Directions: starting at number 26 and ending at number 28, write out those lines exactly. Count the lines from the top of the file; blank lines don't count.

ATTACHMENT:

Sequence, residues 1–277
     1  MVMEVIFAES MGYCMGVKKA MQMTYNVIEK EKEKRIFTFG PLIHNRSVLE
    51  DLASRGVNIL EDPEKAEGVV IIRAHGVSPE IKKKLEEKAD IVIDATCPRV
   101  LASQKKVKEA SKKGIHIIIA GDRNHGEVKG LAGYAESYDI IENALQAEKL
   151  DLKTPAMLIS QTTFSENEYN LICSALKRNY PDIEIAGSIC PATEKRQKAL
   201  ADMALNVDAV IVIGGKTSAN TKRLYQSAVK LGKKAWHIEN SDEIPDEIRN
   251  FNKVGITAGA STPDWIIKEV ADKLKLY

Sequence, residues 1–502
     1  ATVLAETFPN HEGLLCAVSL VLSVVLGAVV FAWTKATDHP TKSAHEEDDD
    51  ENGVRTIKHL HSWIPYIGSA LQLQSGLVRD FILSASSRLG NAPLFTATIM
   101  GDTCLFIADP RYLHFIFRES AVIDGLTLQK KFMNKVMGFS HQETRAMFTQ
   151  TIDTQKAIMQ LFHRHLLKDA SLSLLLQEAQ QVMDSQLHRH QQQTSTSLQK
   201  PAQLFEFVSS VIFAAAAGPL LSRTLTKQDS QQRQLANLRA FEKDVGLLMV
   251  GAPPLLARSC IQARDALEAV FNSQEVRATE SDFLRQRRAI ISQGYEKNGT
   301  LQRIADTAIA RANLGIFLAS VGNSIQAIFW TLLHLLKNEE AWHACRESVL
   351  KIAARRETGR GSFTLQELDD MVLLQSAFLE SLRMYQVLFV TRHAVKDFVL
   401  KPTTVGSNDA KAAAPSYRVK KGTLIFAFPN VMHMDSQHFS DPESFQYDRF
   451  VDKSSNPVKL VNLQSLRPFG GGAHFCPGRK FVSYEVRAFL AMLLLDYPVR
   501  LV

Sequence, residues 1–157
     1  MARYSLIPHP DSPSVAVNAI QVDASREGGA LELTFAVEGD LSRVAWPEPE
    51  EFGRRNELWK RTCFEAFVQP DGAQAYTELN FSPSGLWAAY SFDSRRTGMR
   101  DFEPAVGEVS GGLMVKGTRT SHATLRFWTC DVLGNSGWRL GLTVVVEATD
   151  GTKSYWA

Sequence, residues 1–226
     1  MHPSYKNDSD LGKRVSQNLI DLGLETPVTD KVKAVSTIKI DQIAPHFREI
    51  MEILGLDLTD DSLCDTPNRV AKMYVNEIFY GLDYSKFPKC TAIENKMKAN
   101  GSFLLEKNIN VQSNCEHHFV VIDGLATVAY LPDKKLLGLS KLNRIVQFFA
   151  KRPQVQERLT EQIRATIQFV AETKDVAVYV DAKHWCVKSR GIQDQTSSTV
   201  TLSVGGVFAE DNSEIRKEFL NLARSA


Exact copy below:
     1  MHPSYKNDSD LGKRVSQNLI DLGLETPVTD KVKAVSTIKI DQIAPHFREI
    51  MEILGLDLTD DSLCDTPNRV AKMYVNEIFY GLDYSKFPKC TAIENKMKAN
   101  GSFLLEKNIN VQSNCEHHFV VIDGLATVAY LPDKKLLGLS KLNRIVQFFA